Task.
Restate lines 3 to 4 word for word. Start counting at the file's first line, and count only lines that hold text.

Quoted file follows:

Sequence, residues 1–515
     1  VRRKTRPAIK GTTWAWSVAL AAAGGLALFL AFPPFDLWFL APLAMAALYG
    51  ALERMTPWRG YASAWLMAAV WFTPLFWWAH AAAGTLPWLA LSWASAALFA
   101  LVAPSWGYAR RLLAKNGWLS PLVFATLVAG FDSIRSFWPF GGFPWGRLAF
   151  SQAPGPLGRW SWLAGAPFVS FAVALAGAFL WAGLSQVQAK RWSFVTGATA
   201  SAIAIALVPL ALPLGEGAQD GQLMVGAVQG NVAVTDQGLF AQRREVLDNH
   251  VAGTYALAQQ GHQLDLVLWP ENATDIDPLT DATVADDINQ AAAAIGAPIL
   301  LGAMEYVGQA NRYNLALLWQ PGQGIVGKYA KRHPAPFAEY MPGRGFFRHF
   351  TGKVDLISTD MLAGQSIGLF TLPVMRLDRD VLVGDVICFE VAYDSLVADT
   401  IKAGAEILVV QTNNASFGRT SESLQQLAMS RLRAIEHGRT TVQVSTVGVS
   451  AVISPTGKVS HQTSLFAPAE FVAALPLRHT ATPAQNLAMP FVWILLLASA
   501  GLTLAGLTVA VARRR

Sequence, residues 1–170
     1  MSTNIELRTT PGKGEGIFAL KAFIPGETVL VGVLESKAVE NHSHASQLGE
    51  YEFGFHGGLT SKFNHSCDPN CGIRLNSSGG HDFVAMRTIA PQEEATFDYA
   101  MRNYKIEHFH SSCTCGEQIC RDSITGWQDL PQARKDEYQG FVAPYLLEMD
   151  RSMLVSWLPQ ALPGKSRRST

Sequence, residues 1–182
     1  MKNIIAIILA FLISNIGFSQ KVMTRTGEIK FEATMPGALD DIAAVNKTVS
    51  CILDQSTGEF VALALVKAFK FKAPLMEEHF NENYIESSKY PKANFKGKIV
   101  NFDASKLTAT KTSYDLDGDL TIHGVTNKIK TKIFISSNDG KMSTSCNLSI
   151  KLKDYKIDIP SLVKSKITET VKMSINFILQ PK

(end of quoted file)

    51  ALERMTPWRG YASAWLMAAV WFTPLFWWAH AAAGTLPWLA LSWASAALFA
   101  LVAPSWGYAR RLLAKNGWLS PLVFATLVAG FDSIRSFWPF GGFPWGRLAF